When starting cancer treatment you may think you know what to expect. Everyone knows it is possible to lose your hair and to feel sick but did you know it could also prevent you eating and talking?
The hallmark of oral mucositis (OM) is pain, as the surfaces that line the mouth and tongue become red, swollen and covered in ulcers. The pain can be so severe that it is very hard to eat, drink and speak. It may even mean a feeding tube is necessary just to get enough nutrients to carry on with the cancer therapy.
Mucositis can actually occur anywhere along the digestive path but oral mucositis specifically happens in the mouth, and is sometimes called stomatitis. There are 4 stages of oral mucositis. Stage 1 and 2 are mild and characterised by soreness and the beginning of ulceration. During stage 3 and 4, oral mucositis is more severe. At stage 3, sufferers cannot tolerate solid food so switch to a liquid only diet. Eating is not possible at stage 4 so people my need further help getting enough nutrients. Many people develop mild oral mucositis as a result of cancer therapy, but stages 3 and 4 are less common. 1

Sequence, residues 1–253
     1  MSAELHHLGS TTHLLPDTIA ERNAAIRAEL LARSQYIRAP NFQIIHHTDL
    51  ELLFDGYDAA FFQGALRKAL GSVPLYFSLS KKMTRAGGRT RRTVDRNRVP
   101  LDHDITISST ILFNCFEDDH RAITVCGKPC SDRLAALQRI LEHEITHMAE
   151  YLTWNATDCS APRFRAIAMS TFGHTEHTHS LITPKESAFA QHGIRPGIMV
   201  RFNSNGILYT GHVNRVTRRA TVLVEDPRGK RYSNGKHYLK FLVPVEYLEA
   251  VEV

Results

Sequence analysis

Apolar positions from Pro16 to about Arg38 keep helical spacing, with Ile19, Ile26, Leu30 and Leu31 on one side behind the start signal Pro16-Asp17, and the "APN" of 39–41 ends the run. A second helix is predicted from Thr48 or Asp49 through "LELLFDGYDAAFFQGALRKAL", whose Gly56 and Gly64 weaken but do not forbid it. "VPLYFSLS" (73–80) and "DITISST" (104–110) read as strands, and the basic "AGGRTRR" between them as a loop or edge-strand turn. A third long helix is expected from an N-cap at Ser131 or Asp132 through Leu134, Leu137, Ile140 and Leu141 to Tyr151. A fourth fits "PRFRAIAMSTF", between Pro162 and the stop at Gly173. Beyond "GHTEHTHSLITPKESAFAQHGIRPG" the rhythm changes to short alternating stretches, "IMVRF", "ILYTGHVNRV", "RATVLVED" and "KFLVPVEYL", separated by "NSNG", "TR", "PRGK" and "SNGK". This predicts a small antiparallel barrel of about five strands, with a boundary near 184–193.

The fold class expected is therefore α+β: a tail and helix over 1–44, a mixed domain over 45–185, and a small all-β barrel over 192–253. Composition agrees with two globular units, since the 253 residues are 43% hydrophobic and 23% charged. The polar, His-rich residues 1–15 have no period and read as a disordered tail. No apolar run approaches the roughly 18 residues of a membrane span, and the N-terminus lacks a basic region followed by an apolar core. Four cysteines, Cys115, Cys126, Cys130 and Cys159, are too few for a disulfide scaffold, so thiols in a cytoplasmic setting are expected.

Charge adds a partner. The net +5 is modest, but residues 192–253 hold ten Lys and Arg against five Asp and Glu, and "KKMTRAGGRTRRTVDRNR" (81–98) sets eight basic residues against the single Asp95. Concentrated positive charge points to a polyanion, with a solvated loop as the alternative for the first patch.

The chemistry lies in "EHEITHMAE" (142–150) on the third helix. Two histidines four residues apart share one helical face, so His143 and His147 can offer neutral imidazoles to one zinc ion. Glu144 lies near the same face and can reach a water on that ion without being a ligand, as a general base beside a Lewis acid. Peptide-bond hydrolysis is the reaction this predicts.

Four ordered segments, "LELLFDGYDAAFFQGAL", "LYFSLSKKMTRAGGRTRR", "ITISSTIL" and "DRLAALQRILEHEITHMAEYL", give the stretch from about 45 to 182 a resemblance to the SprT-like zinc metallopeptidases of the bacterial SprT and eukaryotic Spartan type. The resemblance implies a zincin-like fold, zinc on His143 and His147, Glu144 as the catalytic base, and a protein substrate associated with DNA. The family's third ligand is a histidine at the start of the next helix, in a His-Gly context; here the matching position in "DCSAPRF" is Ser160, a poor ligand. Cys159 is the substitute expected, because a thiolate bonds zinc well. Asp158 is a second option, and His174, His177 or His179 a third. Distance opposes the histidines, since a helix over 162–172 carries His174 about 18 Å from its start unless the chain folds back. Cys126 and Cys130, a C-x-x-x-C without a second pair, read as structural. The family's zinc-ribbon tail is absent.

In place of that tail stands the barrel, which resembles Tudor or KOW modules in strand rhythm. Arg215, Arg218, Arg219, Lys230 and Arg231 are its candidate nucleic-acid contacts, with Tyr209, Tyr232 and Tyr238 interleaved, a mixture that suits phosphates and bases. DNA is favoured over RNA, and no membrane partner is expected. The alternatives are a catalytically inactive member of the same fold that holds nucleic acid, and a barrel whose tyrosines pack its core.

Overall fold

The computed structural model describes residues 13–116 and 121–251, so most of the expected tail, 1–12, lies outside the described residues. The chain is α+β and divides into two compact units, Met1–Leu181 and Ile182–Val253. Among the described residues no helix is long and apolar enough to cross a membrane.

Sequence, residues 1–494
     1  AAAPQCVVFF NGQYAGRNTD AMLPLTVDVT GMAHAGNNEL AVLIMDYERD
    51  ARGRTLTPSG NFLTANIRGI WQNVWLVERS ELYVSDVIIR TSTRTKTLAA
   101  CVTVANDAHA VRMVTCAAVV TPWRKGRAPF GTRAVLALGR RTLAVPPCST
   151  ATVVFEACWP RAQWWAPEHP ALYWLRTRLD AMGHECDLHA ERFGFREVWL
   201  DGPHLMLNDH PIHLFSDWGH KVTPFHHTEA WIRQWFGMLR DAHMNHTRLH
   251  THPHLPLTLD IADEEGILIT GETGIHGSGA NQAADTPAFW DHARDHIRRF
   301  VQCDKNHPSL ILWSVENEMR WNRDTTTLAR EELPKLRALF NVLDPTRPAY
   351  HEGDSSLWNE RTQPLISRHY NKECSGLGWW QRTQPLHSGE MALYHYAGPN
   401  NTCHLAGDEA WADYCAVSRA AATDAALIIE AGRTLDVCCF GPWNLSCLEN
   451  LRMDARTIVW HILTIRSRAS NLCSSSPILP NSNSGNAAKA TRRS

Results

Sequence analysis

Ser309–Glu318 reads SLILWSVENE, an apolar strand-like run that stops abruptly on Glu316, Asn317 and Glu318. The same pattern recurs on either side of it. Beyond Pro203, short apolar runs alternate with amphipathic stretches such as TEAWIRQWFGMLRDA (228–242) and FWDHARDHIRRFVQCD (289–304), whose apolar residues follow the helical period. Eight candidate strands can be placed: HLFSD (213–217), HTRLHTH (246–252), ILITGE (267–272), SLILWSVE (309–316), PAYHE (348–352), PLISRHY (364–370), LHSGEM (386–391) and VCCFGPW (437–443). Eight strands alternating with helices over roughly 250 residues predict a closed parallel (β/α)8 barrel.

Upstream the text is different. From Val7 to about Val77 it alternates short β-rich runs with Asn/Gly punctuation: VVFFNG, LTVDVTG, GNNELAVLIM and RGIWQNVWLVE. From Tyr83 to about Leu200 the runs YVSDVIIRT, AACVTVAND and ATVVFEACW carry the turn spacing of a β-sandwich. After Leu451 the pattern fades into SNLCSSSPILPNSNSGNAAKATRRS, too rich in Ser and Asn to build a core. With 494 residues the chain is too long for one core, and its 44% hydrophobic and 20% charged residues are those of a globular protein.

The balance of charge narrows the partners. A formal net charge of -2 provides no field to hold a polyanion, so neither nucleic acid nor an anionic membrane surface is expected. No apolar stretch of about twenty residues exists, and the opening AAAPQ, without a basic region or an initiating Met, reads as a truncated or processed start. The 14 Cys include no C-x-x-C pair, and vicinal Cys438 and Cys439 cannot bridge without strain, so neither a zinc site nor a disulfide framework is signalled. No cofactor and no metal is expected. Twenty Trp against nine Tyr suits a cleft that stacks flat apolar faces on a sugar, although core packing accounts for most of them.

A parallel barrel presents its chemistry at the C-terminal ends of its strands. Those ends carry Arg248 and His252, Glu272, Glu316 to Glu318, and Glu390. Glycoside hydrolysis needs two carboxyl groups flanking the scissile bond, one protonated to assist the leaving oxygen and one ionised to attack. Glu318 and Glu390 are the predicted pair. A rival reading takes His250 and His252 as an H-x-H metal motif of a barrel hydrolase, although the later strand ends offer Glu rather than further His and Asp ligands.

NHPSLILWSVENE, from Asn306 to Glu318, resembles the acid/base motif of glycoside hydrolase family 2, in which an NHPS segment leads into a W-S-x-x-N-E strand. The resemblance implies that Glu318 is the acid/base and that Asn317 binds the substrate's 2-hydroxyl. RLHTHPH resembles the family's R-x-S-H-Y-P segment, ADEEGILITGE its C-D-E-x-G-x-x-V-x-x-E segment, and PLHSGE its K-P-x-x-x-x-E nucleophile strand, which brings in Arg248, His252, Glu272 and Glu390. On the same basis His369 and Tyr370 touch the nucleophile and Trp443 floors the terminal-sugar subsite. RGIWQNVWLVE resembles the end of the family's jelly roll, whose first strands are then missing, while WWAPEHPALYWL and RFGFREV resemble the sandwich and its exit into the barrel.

In people undergoing chemotherapy, damage to the lining of their mouths may start from day one of treatment. The first stages of oral mucositis happen below the mouth’s surface and are not always noticeable. Typically people don’t start noticing symptoms until 5 to 8 days after starting treatment. The symptoms of oral mucositis can last between 7 to 14 days before healing begins. With each cycle of chemotherapy the risk of developing oral mucositis increases and the severity of the condition often worsens.
Oral mucositis develops later with radiotherapy (at 2 weeks) and healing doesn’t begin until the end of therapy. Therefore with radiotherapy, the symptoms of oral mucositis can continue for up to 8 weeks.
Always speak to your doctor or nurse if you are worried about oral mucositis.
World Health Organisation. Handbook for reporting results of cancer treatment. Geneva, Switzerland: World Health Organisation, 1979.
2. Sonis ST. J Support Oncol 2004;2:3–8.